SAN FRANCISCO (CN) - A federal judge approved a settlement that is expected to pay $10 million to rural customers allegedly duped with false promises of fast Internet access.
In a motion supporting the settlement with Hughes Communications earlier this month, class counsel insisted that its approval "is not mere puffery."
"Indeed, just over eighty-seven thousand (87,000) timely claims have already been submitted in anticipation of benefitting from the generous terms of the settlement, which are conservatively valued to be worth in excess of $10,000,000," according to the motion authored by attorney Jennifer Rosenberg, of Bramson, Plutzik, Mahler & Birkhaeuser in Walnut Creek, Calif.
U.S. District Judge Samuel Conti granted the settlement final approval two weeks later on Nov. 16.
In a 2009 complaint, lead plaintiff Tina Walters said she signed up for Internet service with Hughes, lured by its claims of using broadband satellite technology to service rural areas with DSL-comparable hookup speeds, making it possible for customers to download "large files in minutes, not hours."
But Walters says her Hughes subscription was marked by "significantly slow, even non-existent, access and upload and download speeds." Instead of fixing the problem, Hughes allegedly charged for service upgrades, but the pricier service remains spotty and slow.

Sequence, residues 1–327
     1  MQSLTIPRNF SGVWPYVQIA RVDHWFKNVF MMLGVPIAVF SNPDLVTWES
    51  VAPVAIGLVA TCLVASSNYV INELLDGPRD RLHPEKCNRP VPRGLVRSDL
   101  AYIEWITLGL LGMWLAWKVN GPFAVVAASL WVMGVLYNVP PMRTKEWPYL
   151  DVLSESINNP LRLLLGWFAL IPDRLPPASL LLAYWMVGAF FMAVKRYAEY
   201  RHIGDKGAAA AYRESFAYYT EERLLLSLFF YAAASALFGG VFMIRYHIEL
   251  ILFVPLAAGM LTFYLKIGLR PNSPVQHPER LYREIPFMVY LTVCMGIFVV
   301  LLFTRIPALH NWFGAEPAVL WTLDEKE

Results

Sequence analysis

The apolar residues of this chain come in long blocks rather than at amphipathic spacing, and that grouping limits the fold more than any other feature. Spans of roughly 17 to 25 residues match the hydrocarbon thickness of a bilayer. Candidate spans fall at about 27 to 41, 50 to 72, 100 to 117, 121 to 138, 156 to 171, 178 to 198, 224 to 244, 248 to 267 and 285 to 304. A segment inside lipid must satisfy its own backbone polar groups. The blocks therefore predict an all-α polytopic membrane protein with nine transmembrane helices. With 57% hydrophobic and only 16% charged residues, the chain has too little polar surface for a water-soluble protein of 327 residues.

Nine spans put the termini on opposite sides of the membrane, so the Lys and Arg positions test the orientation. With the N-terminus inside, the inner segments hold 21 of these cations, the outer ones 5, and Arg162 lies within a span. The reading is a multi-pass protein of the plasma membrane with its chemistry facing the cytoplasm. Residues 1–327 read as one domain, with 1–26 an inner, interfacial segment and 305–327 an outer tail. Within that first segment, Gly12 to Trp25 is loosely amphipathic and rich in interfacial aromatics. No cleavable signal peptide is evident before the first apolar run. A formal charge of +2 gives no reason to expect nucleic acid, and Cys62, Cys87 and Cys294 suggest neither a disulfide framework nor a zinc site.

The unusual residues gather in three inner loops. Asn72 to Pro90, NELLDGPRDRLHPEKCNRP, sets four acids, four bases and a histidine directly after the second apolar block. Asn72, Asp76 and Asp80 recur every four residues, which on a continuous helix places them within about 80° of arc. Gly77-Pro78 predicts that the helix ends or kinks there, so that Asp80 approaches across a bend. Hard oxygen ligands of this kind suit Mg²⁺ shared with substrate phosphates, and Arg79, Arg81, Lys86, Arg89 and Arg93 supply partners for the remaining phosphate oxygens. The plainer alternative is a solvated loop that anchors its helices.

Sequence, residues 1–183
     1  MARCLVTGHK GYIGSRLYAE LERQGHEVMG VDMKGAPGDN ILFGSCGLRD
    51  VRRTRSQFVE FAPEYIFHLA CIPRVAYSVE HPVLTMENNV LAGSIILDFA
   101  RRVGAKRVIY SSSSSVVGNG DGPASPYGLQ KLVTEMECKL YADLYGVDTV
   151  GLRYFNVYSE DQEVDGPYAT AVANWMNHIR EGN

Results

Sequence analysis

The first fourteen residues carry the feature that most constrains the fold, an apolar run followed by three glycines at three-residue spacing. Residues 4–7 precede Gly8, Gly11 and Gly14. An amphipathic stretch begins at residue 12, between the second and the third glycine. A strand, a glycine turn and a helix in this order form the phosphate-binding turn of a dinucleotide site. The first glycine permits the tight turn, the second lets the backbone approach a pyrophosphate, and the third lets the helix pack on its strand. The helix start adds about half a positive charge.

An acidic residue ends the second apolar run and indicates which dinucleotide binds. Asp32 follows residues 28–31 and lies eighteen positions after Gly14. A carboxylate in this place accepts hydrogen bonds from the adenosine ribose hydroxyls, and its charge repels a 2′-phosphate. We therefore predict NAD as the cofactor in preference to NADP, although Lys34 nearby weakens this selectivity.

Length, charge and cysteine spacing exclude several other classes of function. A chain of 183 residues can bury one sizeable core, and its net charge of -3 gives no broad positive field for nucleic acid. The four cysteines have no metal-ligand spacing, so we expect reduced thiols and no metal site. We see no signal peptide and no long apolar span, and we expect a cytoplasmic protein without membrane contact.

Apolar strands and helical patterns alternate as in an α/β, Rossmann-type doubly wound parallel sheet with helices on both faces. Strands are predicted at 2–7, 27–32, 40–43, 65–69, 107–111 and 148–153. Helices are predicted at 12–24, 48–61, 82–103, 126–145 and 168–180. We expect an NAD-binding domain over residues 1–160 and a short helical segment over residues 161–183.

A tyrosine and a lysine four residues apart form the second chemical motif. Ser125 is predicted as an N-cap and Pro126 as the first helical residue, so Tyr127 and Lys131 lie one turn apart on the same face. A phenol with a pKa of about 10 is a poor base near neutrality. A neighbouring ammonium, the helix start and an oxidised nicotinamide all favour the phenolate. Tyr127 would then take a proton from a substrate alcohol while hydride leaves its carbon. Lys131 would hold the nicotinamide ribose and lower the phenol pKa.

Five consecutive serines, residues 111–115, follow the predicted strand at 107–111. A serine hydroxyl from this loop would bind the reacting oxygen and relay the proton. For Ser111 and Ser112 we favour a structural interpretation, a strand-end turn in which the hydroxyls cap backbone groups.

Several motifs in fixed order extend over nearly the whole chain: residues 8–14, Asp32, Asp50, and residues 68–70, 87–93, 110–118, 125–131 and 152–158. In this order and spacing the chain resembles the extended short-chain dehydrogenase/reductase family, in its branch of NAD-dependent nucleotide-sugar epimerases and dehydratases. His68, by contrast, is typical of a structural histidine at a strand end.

Hughes tried to disclaim its own advertising by inserting exculpatory clauses in the fine print of subscriber agreements, such as, "stated speeds not guaranteed," which contradicts its own advertisements, according to the complaint.
Walters insisted that the statements cannot release Hughes from false-advertising liability.
Hughes allegedly charges hundreds of dollars if customers want to discontinue the shoddy service before their subscriptions end.
The settlement terms provide $40 cash payments to former Hughes customers who paid an early termination fee before Dec. 6, 2010. Customers who did not pay an early termination fee, but who met other requirements, are entitled to a $5 cash payment.
Hughes also agreed to prorate its early termination fees and provide subscribers with a token per month that allows download allowances to be reset if they reach the maximum download allowance without waiting for the usual rest period to elapse.
The company will also be required to include a website disclosure, for five years, about advertising upload or download speeds in MBPS or KBPS. It must say that the actual upload and download speeds "will vary based on a variety of factors," including computer configuration, number of users, network or Internet congestion and the speed of the websites being accessed.
The disclosure must also include the following statement: "Stated speeds and uninterrupted use of service are not guaranteed. Actual upload and download speeds may be lower than maximum advertised speeds, particularly during peak periods," according to the class's motion supporting the settlement
Hughes must also pay $630,000 in attorneys' fees and costs, and $5,000 incentive payments to the three named plaintiffs: Walters, Christopher Bayless and Eric Shumacher.
Audet & Partners attorney Joshua Ezrin filed a separate motion supporting the settlement on behalf of the proposed class.
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